Paleoseismology and earthquake chronology for the Santa Cruz Mountains San Andreas Fault, California
Portland State University
- Date & Time
- Building 3, Rambo Auditorium
- Jack Boatwright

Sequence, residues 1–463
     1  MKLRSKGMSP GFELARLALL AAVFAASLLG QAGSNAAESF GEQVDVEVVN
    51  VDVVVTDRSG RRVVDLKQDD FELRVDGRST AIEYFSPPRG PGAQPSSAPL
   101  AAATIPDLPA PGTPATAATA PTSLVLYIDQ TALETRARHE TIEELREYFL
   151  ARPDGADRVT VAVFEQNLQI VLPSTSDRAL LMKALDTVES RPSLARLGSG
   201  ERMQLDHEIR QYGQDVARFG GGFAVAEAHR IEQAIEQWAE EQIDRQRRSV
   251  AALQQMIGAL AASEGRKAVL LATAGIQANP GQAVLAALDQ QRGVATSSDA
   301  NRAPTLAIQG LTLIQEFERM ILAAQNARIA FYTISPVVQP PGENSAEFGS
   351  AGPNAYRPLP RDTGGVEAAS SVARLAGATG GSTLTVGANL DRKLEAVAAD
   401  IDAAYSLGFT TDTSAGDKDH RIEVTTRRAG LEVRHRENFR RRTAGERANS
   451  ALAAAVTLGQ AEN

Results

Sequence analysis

The Hazel Dell paleoseismic site on the Santa Cruz Mountains section of the San Andreas Fault provides the first definitive paleoseismic evidence of two pre-1906 19th century surface rupturing earthquakes. Historical records note a few large earthquakes that caused widespread damage in the region in this time period, however it was not previously known with any certainty on which Bay Area faults these earthquakes occurred. Trenches at the site revealed fine-grained interbedded sand and silt above a buried soil that is faulted in the most recent event, 1906, and in and two earlier earthquakes. We discovered hundreds of pieces of cut redwood chips coupled with numerous buried redwood tree stumps just below the ante-penultimate (E3) earthquake surface. This demonstrates that the redwood forest at the site was cut down right before earthquake E3, and thus E3 must be historic. Radiocarbon is frequently used to date pre-instrumental ruptures but can have combined contextual and analytical uncertainty on the order of decades to centuries, especially in the past 300 years. To better constrain age estimates for the onset of logging, we collected a slab from a buried tree stump and radiocarbon wiggle matched samples collected from growth rings to the INTCAL13 terrestrial 14C calibration curve. With these high-resolution age dates we place earthquakes E2 and E3 in the historic period. We use this high-resolution age data to evaluate the impact of C14 sample selection (including detrital charcoal, cones and needles), and use of non-native pollen analysis on our earlier earthquake age models for the Hazel Dell area.